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# ask-community
p

Peter Rietzler

03/06/2023, 4:27 PM
May I ask the question if - under any circumstance (no matter if run locally or deployed however on a cluster) - the
load_definitions
function in this example is executed for every single materialization of any of the given assets ? I see the
startup_time
is different for the assets if I materialize both of them in a single run and I would just like to verify if I can rely on this behaviour in any execution case (locally, one pod to materialize all assets, one pod per asset materialization, CacheableAssetsDefinition etc.). Thank you very much for your help!
Copy code
startup_time = datetime.datetime.utcnow()

def load_definitions() -> Definitions:

    @asset
    def asset_one(context):
        return repr({"startup_time 1": startup_time})

    @asset
    def asset_two(context):
        return repr({"startup_time 2": startup_time})

    return Definitions(
        assets=[asset_one, asset_two]
    )


defs = load_definitions()
May I also ask if there is a way to find out which asset materialization is currently being executed while
load_definitions
is executed ? Is there an environment variable, parameter or anything else available ?
c

chris

03/06/2023, 9:56 PM
You can rely on
load_definitions
to be called once per process not necessarily once per asset. For example, if you switch to using the in_process_executor, then
load_definitions
would not be guaranteed to load for every single asset materialization, likewise if you use a graph-backed asset which contains multiple underlying ops, it may call
load_definitions
multiple times for the execution of that graph-backed asset.
Regarding determining which asset materialization is being executed, there’s no easy way to do so right now. I think your suggestion is pretty reasonable of having some sort of environment variable set in a new process that tells what is being executed, mind filing an issue for that?
p

Peter Rietzler

03/07/2023, 7:51 AM
Thank you very much for your help! May I also ask if
load_definitions
would also be called in the case
CacheableAssetsDefinition
is used ? As far as I understood,
CacheableAssetsDefinition
should be used in the case that
load_definition
takes a lot of time or resources to actually compute the asset graph ? I've not used it by now and thus wonder how this would behave ?
I am having a hard time anyway finding an example how CacheableAssetsDefinition is being used. Would it be possible to point me to some example code ? Thanks in advance!
m

Mhd Mousa Hamad

03/07/2023, 9:41 AM
Allow me to iterate on this question .. considering the modified code version below:
Copy code
class MyDataPipeline:
    def __init__(self):
        self.service = ...
        
    def load_definitions(self) -> Definitions:
        startup_time = datetime.datetime.utcnow()
        
        @asset
        def asset_one(context):
            # Can we reliably use `self.service` here without creating a resource for it
            self.service.do_somthing()
            return repr({"startup_time 1": startup_time})
    
        @asset
        def asset_two(context):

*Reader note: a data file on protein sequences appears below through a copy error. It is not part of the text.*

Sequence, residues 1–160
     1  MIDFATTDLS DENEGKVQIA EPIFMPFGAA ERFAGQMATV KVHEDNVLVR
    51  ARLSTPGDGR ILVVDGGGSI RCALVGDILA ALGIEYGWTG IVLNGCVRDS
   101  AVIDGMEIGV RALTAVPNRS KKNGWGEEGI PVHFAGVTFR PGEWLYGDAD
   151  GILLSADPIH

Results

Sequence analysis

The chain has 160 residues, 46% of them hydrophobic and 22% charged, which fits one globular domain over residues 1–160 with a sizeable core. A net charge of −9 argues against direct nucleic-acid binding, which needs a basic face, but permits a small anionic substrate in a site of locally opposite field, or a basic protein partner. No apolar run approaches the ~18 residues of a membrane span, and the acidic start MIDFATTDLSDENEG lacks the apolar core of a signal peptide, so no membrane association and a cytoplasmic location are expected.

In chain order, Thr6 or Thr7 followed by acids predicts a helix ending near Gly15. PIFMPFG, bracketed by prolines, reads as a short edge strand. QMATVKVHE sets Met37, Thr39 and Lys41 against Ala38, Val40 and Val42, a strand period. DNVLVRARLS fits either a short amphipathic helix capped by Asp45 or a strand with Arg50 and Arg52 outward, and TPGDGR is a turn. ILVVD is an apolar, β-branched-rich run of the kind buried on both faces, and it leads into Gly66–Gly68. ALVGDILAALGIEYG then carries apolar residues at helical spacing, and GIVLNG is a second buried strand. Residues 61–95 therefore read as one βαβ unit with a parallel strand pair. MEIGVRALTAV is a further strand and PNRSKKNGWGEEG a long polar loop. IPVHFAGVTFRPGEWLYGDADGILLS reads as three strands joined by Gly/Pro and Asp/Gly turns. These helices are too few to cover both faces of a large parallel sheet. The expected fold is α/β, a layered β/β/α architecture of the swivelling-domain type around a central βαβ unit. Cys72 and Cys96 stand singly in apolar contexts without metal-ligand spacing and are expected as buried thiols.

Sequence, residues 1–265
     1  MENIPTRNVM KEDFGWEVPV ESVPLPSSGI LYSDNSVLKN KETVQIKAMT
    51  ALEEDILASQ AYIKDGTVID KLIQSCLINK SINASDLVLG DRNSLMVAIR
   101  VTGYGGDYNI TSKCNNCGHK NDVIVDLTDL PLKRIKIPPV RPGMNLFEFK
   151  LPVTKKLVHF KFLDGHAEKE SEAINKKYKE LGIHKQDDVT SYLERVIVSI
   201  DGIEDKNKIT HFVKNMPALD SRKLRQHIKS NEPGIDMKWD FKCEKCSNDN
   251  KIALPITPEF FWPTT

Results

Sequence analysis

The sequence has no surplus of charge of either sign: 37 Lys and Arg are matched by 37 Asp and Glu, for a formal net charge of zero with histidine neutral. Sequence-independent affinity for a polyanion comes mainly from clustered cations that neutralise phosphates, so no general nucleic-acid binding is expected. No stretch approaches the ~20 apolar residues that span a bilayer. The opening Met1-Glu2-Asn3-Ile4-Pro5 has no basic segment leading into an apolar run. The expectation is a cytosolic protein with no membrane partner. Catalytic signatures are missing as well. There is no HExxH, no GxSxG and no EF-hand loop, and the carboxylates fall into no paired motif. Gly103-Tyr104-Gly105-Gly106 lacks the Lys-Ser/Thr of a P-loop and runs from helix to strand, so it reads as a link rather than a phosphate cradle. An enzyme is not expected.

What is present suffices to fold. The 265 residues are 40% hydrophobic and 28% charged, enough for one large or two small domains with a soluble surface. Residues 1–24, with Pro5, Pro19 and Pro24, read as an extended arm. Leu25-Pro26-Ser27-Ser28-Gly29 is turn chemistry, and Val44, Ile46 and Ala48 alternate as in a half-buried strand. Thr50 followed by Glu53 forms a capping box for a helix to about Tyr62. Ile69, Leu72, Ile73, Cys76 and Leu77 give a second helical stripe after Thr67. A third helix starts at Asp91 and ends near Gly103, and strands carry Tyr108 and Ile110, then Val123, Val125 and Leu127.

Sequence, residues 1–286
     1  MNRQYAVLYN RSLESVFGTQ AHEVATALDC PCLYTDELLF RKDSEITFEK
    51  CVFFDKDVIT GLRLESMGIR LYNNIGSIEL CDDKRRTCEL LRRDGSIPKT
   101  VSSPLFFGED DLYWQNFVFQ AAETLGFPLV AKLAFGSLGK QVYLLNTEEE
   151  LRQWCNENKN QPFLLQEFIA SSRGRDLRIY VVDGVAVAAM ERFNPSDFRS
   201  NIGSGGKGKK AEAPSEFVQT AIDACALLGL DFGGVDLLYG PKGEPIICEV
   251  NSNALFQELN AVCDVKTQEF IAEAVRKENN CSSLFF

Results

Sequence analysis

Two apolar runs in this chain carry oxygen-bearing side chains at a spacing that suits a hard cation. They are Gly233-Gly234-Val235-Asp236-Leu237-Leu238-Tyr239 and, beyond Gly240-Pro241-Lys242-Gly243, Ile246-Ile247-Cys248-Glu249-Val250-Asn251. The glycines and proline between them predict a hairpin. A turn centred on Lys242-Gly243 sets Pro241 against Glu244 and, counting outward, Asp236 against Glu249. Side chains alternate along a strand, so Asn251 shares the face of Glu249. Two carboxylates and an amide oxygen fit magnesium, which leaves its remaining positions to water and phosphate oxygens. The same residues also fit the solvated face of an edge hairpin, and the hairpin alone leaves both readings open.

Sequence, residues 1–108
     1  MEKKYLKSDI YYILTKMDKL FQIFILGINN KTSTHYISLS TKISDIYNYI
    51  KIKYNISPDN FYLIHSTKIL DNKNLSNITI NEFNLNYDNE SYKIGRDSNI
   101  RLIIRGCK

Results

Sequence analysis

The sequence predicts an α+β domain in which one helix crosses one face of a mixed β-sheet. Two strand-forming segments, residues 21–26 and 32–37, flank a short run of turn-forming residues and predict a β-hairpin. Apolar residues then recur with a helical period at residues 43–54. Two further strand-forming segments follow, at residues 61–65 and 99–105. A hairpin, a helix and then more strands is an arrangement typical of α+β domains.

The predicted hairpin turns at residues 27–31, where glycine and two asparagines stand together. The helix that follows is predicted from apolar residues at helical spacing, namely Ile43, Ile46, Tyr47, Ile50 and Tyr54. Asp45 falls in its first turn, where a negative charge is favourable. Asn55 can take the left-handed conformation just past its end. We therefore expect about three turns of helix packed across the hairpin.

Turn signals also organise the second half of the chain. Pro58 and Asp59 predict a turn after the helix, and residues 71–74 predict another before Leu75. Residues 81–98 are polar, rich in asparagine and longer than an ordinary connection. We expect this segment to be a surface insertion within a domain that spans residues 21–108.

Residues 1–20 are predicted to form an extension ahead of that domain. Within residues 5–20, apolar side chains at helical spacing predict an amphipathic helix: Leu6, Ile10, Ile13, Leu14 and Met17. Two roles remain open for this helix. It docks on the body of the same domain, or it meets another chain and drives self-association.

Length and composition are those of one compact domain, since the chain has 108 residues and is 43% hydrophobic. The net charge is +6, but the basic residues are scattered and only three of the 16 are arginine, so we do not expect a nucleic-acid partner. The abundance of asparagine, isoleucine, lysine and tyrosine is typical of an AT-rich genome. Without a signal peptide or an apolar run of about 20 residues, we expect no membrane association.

return repr({"startup_time 2": startup_time})
    
        return Definitions(
            assets=[asset_one, asset_two]
        )

pipeline = MyDataPipeline()
dfs = pipeline.load_definitions()
Is it still an acceptable practice to use the
service
as defined compared to defining a resource for it? Any known pros/cons for this approach? Thank you!
o

owen

03/07/2023, 10:07 PM
hi!
CacheableAssetsDefinition
is an internal api and generally not recommended to be subclassed by users (as the interface may be broken even on minor releases). But to give a bit more context, its use does not impact how and when
load_definitions
will be called. When cacheable assets are present, information about the cacheable assets definitions is generated/serialized when your user code server starts up. This serialized information is then passed along to subprocesses when runs are launched. These subprocesses will take a slightly different internal code path (reading from the serialized data to generate their assets rather than having to create that serialized data from scratch). This abstraction is useful mostly when the act of generating that serialized data may take a long time (i.e. it hits some slow API). As for the most recent message, the resource abstraction is useful in cases where a) you might want to reuse a resource for multiple different assets, and have them all share some sort of config or b) you want to substitute out different definitions of the resource between environments (i.e. the local service hits a mock endpoint, and the prod service hits the real thing). If neither of these are useful to you, then there should be no issues in just using the service in line. However, is there a particular reason that you're going with this class-based approach? In general, the Definitions object will map to the entire collection of assets / jobs in a code location, and so its scope should usually be larger than a single data pipeline.
m

Mhd Mousa Hamad

03/10/2023, 12:47 PM
Thank you Owen for your reply.
The generation of the artefacts of definitions depends on multiple services which are easily wired into the class constructor and which makes testing for us much easier.
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